When it comes to gender differences, everybody's an expert. But George Lazarus is a bit more expert than most. Although he doesn't study the subject formally, as a pediatrician in New York City he sees a lot of children, who are, after all, far better than adults at expressing their essential natures. One girl's parents, for instance, set out to raise her without "gender bias" that might hinder her success later in life. When she turned 3, they eschewed dolls and gave her toy trucks instead. The girl went off to her bedroom to play. When the parents checked up on her, they found her tucking the trucks in bed for the night. "Shhhh!" she said. "They're sleeping."
It's a story that Larry Summers, the beleaguered president of Harvard University, might appreciate. Summers caused a firestorm when he suggested several weeks ago that differences in "intrinsic aptitude" might be the principal reason the university has fewer females in the sciences and engineering than males; he lost a vote of no confidence in the Faculty of Arts and Sciences last week. Summers may be guilty of social indiscretion, but is he wrong, scientifically speaking? Does biology play no significant role in determining the talents and behaviors of men and women?
Considering the importance of the question, few studies have addressed it. Nevertheless, in recent years, scientists have been finding that the biological rift between men and women is larger than previously thought. To an extent few would have believed a few years ago, the center of gravity of scientific opinion on gender has begun to shift--and it's making everybody uncomfortable.
One of the most intriguing findings concerns the genetic differences between men and women. A study published last week in the journal Nature puts this difference at about 1 percent. Considering that the genetic makeup of chimpanzees and humans differs by only 1.5 percent, this is significant. "You could say that there are two human genomes, one for men and one for women," says Huntington Willard, a geneticist at Duke University and coauthor of the article. The study did not spell out exactly which genes do what. Rather, its results were like looking at the innards of two almost identical clocks and finding that in fact each has an altogether different arrangement of gears.
Scientists have long known that a person's sex is determined by two chromosomes, or bundles of genes--a woman inherits two X chromosomes, one from each parent, while a man inherits an X from mom and a Y from dad. For the past 40 years, scientists have thought that the extra X chromosome in females shuts down, while the other works alone. The Nature study, though, found that about 20 percent of the genes on the duplicate X chromosome--about 200 genes in all--remain active. Men, by contrast, have only one active X chromosome (plus a few genes on the puny Y chromosome). Not only are women genetically more complex and varied than men, they differ widely from one another.
Only a few years ago, scientists used to think that hormones were the primary mechanism of gender. The Y chromosome was assumed to do little but trigger a cascade of genes scattered among the other 22 human chromosomes, which ends with the production of the testes. Hormones still do a lot of the heavy lifting--with one crucial difference. Scientists have found that while hormones wreak havoc on just about every part of adolescent physiology, they have almost no effect on brain development. Studies of girls born in triplets, sandwiched in the womb between two brothers, show that although the girls acquire some masculine traits due to a heavier-than-normal dose of testosterone, their brains are unaffected. Genetic variations, on the other hand, have a huge impact on the brain. Down-syndrome boys, born with extra genes from chromosome 21, are cognitively impaired. When it comes to the brain, genes rule.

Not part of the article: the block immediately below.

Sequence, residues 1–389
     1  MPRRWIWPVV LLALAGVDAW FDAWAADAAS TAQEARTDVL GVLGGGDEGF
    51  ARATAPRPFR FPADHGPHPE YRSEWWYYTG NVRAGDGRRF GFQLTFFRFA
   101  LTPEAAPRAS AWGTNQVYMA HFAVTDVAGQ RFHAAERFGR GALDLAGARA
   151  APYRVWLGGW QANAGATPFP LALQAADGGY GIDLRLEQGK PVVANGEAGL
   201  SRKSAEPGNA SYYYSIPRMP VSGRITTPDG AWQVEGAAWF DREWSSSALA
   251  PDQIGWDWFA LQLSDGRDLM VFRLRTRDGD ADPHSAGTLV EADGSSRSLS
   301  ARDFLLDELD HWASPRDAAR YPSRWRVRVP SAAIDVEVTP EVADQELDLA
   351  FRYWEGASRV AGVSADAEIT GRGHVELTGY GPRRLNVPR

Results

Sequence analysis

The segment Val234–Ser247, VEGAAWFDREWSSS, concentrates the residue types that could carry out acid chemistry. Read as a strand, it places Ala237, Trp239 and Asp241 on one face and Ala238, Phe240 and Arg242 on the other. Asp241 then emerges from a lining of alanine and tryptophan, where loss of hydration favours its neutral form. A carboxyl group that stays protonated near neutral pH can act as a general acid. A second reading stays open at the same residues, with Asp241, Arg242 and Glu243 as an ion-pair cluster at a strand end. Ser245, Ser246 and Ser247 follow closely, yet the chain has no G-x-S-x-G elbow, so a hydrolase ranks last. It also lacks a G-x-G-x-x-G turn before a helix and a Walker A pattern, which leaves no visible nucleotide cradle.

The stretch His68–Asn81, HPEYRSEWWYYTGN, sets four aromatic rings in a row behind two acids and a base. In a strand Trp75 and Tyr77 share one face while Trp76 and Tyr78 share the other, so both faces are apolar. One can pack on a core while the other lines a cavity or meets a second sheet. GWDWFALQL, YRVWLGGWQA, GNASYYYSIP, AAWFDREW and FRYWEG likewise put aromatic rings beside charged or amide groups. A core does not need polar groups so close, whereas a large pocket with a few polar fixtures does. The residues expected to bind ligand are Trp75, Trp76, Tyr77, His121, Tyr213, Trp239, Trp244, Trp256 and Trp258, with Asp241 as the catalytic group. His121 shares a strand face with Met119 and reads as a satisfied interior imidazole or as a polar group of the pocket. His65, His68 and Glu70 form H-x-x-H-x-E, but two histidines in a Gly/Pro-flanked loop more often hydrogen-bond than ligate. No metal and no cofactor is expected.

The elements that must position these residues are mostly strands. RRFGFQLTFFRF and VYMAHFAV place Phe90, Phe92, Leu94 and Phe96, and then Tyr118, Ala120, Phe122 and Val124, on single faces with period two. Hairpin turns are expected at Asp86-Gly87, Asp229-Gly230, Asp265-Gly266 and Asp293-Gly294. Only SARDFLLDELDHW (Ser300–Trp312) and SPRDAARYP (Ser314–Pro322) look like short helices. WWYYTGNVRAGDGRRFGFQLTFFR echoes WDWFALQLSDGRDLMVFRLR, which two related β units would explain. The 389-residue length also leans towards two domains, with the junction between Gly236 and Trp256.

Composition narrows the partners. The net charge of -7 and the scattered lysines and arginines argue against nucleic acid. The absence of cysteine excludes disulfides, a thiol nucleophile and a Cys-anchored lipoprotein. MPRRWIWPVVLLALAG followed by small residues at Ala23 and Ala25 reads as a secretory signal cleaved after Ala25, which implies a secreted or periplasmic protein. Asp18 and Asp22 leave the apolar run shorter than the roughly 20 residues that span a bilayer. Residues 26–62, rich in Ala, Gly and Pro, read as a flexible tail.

How, then, do female brains differ from male brains? Scientists are only beginning to address this question. So far, it seems clear that men and women think differently in significant ways. When navigating a maze, men tend to think spatially (go north for 200 meters and then turn left), while women look for landmarks. Brain scans of men and women engaged in rhyming words show that they use different brain circuits to perform the same task. Women also have 15 to 20 percent more gray matter (ordinary neurons) than men. And their white matter (long neurons that help the brain distribute its processing tasks) is concentrated at the juncture between the brain's left and right hemispheres, and may help women use both sides of their brain for language-related tasks.
There's also anecdotal evidence. On the Scholastic Aptitude Test, a college entry exam, women consistently score lower than men on the mathematics portion. (They do better on language skills, but still score slightly lower than men.) And then there are things like the makeup of the Harvard faculty. Such real-world evidence, of course, doesn't tell us what is cause and what is effect. To what extent does environment--education, upbringing, nutrition, exposure to stress, chemicals and so forth--play a role? Are boys slower to develop verbal skills because of their genes, or because they spend more time playing with trucks than talking with their friends?
Is Larry Summers right or wrong? At the moment, there's too little data to say. Even when scientists eventually come to understand the genetic clockwork, there's a good chance the answer won't be quite so simplistic. Individuals vary so widely in ability that any aggregate difference between men and women won't likely affect the ambitions of any aspiring scientist or playwright. Besides, genes can confer both advantages and disadvantages. The chances are pretty good that we haven't yet measured them all.